Previous abstract Next abstract
The nebular abundances in dwarf galaxies provide valuable clues to their star-formation histories. We have been engaged in an extensive observational study of actively star-forming blue compact dwarf galaxies (BCDs). Our program combines optical and NIR imaging, optical spectroscopy, and HI and CO radio data in an attempt to understand the status of star-formation and chemical evolution in these systems. Luminosities of the BCDs in our sample lie in the range M$_B$ = $-$13 -- $-$16.
\par We have obtained high-quality optical spectra of 21 BCDs for the purpose of deriving nebular abundances. We present values for the abundances of He, N, O, S, Ne, and Ar for this sample. In addition, we have estimated O and N abundances for a sample of 7 non-dwarf starburst galaxies of higher luminosity. For the BCD sample, we find that the N/O ratio remains constant at a mean value of 0.032 $\pm$ 0.004 with increasing O/H. This result, which extends over a factor of more than 10 in O/H, is indicative of the N being chiefly of primary origin in these systems. The value of N/O is observed to increase in the sample of larger starburst galaxies for log(O/H) above -3.5, consistent with previous studies. S/O and Ne/O are also both constant with increasing O/H, and have mean values of 0.032 $\pm$ 0.007 and 0.135 $\pm$ 0.013 respectively.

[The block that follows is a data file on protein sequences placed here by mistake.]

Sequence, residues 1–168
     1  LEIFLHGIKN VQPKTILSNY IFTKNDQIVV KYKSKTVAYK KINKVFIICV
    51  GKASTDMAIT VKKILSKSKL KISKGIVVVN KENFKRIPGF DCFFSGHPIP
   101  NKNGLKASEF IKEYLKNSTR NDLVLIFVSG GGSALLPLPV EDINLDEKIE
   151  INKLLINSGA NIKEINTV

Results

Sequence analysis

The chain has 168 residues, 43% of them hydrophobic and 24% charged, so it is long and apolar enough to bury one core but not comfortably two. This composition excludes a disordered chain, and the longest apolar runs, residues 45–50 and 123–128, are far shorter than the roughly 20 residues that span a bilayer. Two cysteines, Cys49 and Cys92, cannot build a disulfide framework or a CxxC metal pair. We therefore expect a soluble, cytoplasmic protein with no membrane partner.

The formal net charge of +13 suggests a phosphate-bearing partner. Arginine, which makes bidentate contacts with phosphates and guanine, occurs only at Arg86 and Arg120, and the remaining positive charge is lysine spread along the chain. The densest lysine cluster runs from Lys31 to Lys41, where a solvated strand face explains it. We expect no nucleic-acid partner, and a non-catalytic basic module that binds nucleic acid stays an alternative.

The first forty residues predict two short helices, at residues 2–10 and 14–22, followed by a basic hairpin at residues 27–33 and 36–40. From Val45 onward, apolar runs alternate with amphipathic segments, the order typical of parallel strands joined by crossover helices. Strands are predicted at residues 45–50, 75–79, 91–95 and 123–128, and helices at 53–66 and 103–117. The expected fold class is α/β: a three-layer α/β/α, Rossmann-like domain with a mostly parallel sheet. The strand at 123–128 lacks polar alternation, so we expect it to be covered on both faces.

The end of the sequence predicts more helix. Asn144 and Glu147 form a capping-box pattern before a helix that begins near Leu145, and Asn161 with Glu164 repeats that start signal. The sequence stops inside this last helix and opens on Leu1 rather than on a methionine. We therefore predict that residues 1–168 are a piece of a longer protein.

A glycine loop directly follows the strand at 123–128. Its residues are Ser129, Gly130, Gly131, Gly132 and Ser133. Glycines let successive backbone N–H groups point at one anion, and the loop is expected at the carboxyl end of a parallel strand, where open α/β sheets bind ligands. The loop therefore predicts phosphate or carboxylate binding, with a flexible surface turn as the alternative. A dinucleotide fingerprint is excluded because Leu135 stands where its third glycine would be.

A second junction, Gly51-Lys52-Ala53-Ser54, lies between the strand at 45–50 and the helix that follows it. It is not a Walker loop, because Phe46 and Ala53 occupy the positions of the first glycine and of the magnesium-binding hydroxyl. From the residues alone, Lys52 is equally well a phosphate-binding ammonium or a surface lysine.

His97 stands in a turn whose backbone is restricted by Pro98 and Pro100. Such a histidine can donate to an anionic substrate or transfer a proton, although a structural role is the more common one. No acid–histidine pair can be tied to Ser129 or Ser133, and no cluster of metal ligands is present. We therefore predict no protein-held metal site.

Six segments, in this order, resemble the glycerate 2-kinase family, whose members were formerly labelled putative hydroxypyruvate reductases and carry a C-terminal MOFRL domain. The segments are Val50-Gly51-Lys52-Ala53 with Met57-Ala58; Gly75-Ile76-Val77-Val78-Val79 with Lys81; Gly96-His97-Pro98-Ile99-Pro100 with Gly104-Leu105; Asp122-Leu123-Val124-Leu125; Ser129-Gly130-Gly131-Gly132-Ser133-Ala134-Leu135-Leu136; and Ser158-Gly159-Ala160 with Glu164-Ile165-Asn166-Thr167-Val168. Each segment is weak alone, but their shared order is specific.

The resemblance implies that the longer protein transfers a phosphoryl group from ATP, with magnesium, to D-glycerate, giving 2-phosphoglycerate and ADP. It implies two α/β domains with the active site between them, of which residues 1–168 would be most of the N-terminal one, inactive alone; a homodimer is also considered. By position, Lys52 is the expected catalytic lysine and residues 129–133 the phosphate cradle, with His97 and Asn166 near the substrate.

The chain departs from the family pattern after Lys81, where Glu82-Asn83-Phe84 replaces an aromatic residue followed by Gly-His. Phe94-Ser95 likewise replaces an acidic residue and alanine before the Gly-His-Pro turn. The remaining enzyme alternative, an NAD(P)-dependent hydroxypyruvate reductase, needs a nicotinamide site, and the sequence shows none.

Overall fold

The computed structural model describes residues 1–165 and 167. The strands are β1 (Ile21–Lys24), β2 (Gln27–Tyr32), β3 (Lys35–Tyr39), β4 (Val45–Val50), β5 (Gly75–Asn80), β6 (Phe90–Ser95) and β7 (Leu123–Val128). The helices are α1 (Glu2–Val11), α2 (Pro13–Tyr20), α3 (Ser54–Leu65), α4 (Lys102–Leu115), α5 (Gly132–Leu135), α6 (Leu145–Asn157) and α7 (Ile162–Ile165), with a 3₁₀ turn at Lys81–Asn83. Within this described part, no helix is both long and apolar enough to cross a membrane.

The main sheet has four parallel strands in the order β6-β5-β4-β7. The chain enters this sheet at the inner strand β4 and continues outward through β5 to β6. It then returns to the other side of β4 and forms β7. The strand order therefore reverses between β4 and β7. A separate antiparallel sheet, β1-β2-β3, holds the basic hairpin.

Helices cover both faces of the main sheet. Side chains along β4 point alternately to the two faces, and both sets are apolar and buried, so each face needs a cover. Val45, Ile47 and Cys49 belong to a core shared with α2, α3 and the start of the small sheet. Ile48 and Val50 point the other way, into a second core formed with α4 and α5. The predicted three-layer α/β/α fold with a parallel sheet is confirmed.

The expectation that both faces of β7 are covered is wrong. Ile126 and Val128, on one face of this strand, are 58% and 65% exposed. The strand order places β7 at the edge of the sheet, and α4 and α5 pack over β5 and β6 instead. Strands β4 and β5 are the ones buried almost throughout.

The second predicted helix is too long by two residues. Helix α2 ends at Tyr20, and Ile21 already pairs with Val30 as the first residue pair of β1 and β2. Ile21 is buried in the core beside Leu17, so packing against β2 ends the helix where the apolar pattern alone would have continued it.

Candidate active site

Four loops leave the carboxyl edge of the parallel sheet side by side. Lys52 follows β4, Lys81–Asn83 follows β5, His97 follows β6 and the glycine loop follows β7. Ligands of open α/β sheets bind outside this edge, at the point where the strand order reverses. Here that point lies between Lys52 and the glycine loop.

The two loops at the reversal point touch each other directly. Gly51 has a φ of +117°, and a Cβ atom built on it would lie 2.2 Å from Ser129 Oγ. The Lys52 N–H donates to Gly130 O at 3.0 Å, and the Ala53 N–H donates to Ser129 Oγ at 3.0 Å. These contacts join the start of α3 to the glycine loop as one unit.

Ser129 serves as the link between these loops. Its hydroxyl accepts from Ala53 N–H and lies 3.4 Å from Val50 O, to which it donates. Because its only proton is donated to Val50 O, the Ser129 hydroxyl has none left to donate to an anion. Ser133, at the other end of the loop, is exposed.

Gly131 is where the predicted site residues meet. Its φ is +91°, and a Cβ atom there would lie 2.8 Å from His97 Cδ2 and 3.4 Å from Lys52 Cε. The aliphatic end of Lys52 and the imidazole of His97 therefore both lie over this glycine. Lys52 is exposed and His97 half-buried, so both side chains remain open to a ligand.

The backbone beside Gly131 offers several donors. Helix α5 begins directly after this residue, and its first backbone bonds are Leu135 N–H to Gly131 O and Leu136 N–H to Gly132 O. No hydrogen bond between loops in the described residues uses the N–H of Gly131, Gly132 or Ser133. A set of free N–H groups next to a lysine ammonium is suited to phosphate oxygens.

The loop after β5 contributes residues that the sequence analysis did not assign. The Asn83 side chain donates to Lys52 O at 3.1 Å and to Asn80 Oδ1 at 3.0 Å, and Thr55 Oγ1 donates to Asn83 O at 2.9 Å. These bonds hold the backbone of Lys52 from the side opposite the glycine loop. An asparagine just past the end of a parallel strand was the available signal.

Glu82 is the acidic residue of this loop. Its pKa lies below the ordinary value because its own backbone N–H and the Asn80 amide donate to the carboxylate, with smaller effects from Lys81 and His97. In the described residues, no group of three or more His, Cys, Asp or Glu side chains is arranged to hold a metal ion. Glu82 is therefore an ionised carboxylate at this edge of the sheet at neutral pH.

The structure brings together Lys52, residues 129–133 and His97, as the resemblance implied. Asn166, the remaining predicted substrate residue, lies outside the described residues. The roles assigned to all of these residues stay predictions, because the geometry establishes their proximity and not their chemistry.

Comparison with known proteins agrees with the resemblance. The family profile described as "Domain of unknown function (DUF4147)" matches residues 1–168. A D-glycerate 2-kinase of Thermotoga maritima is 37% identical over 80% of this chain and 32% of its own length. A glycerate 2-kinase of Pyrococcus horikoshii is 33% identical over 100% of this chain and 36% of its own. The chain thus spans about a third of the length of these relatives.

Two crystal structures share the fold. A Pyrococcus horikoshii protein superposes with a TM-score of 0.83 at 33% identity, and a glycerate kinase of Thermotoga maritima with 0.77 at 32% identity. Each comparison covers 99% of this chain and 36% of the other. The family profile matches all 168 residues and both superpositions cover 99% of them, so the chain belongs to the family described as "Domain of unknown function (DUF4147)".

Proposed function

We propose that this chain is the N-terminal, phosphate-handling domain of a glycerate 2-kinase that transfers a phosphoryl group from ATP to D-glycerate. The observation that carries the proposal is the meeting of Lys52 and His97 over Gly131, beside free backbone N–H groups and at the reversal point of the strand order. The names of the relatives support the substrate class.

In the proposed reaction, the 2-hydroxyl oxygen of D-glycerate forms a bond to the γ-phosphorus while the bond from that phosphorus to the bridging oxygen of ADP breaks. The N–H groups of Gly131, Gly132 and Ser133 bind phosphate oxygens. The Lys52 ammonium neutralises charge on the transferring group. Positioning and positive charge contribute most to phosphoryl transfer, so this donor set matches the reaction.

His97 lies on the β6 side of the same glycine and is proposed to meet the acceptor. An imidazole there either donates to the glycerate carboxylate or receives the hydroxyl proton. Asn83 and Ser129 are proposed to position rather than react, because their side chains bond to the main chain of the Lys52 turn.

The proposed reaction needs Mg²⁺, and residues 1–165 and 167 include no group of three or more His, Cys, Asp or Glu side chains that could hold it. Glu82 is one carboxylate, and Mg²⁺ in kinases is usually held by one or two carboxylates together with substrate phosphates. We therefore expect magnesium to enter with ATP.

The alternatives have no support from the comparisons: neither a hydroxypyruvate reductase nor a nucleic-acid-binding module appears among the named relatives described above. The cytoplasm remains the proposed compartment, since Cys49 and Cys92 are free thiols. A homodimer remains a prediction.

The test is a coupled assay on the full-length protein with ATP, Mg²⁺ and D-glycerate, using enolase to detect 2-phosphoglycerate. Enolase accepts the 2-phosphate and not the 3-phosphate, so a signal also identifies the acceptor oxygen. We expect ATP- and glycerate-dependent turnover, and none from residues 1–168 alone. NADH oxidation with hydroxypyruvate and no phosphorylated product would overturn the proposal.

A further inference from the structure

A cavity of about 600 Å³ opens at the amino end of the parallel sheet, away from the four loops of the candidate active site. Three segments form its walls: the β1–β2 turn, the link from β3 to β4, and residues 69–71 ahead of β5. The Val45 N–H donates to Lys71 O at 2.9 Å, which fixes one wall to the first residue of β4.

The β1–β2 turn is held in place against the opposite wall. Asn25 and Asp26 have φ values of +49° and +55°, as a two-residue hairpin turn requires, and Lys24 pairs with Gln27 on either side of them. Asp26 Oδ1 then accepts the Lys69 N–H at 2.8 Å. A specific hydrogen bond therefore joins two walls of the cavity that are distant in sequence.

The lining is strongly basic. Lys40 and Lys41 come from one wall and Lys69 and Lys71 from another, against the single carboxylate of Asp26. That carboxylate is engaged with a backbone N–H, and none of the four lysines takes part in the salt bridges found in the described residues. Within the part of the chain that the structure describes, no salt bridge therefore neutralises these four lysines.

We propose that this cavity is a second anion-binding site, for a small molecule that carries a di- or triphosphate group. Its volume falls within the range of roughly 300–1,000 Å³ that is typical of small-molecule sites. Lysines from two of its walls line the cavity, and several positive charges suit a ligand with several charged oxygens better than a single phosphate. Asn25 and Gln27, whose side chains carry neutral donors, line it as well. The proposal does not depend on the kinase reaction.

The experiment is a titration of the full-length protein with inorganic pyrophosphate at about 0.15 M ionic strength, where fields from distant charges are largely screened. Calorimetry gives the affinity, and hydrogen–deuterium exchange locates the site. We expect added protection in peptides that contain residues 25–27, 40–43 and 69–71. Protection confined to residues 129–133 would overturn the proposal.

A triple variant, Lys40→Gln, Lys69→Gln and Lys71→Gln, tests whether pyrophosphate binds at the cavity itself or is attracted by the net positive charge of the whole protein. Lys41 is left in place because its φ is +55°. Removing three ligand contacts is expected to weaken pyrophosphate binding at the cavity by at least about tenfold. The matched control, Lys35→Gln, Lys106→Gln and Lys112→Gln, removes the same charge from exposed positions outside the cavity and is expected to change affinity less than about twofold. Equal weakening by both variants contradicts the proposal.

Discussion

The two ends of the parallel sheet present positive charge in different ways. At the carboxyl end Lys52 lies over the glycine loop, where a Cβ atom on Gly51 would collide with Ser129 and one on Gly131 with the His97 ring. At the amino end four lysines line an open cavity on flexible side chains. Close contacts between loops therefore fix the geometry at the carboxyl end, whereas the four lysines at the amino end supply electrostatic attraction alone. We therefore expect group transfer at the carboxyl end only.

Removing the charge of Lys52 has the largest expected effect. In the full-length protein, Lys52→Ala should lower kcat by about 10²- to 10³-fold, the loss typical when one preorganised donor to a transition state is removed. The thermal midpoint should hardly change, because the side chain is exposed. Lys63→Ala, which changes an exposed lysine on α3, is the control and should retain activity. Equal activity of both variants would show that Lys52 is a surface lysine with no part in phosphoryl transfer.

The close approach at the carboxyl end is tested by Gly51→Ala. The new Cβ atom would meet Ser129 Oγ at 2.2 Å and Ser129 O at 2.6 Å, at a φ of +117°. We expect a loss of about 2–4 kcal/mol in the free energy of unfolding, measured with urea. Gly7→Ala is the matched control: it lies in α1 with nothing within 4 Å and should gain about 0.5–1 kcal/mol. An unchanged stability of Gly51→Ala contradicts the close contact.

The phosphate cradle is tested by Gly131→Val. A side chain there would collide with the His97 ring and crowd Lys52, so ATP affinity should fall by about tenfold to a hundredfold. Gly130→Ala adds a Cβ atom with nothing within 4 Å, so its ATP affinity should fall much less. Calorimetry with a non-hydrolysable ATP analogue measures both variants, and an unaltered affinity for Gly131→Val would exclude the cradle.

\par The BCD and starburst O/H values were used to calibrate an abundance sequence for a number of key emission-line diagnostic ratios which allow us to estimate metallicities for a large sample of emission-line galaxies (ELGs) to an accuracy of 0.1 -- 0.2 dex. The calibrations were applied to spectral data from two large published samples of ELGs from the Michigan and Case surveys. We use these data, representing nearly 200 individual galaxies, to investigate the existence of a metallicity-luminosity relationship for actively star-forming galaxies. We find the ELGs exhibit a relationship very similar to that found for more quiescent dwarf and Magellanic irregular galaxies by Skillman et al. (1989). The subsample of BCDs hosted by dwarf elliptical galaxies show systematically higher O/H at a given luminosity than the rest of the sample.
Tuesday program listing